What China’s ‘Zero Covid’ Policy Has Looked Like
For a long time during the coronavirus pandemic, China’s aggressive approach to stamping out cases worked. It has kept deaths from Covid-19 much lower than the rest of the world, most notably in comparison with the United States.
But in recent months, that approach, called “zero Covid,” seemed increasingly outdated. China’s residents were still subject to snap lockdowns, mass testing and harsh quarantines while the rest of the world adapted to living with the virus. Frustrated citizens demonstrated on the streets in late November, some even calling for the Communist Party and its leader, Xi Jinping, to step down.
On Wednesday, the party rolled back some of the strictest restrictions in a dramatic reversal. But that easing came long after the policy had caused social and economic turmoil in China.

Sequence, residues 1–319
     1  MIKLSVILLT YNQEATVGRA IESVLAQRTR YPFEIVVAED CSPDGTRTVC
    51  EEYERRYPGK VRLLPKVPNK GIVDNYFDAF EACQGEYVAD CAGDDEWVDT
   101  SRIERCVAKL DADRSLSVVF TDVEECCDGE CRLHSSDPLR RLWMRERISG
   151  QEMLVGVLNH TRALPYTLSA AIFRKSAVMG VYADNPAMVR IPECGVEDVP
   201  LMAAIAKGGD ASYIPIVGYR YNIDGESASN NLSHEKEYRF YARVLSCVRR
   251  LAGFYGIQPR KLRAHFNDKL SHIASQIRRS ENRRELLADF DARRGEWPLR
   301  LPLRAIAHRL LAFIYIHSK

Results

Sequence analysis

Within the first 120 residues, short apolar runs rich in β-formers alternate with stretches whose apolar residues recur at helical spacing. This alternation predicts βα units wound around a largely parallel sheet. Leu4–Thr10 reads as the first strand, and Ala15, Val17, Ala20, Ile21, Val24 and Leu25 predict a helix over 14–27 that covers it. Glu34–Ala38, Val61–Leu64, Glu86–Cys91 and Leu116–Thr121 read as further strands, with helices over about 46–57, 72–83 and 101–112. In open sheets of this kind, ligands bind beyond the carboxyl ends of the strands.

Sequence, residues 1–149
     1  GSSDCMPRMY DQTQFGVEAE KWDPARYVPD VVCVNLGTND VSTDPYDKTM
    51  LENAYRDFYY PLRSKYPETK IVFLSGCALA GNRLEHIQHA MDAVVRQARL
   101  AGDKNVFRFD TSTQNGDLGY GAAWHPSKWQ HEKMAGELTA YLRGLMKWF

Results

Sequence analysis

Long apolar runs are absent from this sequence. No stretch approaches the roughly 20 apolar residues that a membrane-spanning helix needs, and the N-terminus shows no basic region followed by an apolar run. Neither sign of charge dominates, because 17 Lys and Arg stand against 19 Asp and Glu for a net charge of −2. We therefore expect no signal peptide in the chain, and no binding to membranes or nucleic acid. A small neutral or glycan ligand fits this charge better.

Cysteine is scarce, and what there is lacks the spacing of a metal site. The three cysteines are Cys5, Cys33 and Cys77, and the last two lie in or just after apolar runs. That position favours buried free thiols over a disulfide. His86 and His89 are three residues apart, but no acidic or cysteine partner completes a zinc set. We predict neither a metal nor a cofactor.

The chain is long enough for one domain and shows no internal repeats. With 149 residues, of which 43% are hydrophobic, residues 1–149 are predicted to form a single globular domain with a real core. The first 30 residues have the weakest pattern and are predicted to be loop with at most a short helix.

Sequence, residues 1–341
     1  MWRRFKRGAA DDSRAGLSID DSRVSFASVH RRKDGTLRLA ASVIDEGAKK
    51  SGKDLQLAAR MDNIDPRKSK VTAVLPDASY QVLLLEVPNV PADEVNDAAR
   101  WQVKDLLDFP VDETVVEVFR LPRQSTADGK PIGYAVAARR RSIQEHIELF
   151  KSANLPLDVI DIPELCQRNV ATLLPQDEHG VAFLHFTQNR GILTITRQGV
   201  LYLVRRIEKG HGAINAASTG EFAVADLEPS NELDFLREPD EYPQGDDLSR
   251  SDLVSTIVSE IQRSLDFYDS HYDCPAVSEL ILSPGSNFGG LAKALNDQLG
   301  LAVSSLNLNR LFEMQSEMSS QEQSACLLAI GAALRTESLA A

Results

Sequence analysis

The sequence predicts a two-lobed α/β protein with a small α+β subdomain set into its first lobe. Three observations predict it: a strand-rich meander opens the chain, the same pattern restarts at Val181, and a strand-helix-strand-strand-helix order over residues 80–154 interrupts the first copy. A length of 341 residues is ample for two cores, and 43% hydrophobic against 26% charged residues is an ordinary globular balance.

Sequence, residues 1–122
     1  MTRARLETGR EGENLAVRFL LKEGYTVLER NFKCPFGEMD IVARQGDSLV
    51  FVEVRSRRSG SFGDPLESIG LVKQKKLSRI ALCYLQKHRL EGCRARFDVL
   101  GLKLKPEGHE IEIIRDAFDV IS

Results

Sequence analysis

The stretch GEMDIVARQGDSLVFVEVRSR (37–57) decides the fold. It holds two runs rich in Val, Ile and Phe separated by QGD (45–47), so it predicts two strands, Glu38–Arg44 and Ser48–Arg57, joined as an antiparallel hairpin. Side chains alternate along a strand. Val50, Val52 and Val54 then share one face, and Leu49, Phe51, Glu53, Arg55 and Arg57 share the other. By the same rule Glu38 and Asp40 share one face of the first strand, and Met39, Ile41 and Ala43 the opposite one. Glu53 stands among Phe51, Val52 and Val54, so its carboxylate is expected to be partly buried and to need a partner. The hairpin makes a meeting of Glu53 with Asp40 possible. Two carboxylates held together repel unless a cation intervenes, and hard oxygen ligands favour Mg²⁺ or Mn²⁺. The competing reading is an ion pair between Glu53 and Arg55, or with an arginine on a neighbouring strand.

The following photos illustrate life this year in Beijing, Shanghai and Shenzhen, some of the country’s biggest cities, beginning with the row of plastic barriers that closed off an area of a park in Shenzhen in November.
Credit…Qilai Shen for The New York Times
Workers in Shenzhen fumigating a manhole in November.
A Shanghai office building converted into a temporary isolation center in April.
A coronavirus testing booth in Shanghai in December.
The second night of Shanghai protests in November drew a heavy police presence.
A Shanghai building under lockdown in March.
A temporary isolation point for people with Covid in Shenzhen in November.
A fenced-off Shanghai neighborhood in April.
A child and his grandparents registering at a testing site in Shanghai in April.
Health workers in Shanghai directing residents at a community testing center in March.
A man in Beijing getting a coronavirus test in September.
An exhausted worker in Shanghai in March.
Wooden boards walled off a Shanghai neighborhood in March.
A woman exercising while in isolation in Shanghai in April.
Quarantine workers near a Shanghai neighborhood that had just been ordered to lock down in March.